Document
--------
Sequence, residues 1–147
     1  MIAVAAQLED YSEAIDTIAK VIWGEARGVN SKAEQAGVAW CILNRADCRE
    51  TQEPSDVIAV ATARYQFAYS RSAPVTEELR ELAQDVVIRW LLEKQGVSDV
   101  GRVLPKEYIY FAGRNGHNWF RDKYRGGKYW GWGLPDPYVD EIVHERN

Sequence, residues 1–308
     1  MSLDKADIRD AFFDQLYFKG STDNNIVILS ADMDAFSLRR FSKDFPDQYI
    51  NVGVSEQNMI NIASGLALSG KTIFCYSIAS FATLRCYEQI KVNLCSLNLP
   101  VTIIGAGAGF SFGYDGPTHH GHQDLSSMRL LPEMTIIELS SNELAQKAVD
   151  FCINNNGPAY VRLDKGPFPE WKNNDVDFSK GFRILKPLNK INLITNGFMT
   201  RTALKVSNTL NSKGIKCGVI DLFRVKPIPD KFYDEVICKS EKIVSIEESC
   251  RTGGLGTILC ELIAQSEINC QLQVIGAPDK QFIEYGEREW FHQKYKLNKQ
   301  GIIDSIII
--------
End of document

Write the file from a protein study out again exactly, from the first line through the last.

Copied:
Sequence, residues 1–147
     1  MIAVAAQLED YSEAIDTIAK VIWGEARGVN SKAEQAGVAW CILNRADCRE
    51  TQEPSDVIAV ATARYQFAYS RSAPVTEELR ELAQDVVIRW LLEKQGVSDV
   101  GRVLPKEYIY FAGRNGHNWF RDKYRGGKYW GWGLPDPYVD EIVHERN

Sequence, residues 1–308
     1  MSLDKADIRD AFFDQLYFKG STDNNIVILS ADMDAFSLRR FSKDFPDQYI
    51  NVGVSEQNMI NIASGLALSG KTIFCYSIAS FATLRCYEQI KVNLCSLNLP
   101  VTIIGAGAGF SFGYDGPTHH GHQDLSSMRL LPEMTIIELS SNELAQKAVD
   151  FCINNNGPAY VRLDKGPFPE WKNNDVDFSK GFRILKPLNK INLITNGFMT
   201  RTALKVSNTL NSKGIKCGVI DLFRVKPIPD KFYDEVICKS EKIVSIEESC
   251  RTGGLGTILC ELIAQSEINC QLQVIGAPDK QFIEYGEREW FHQKYKLNKQ
   301  GIIDSIII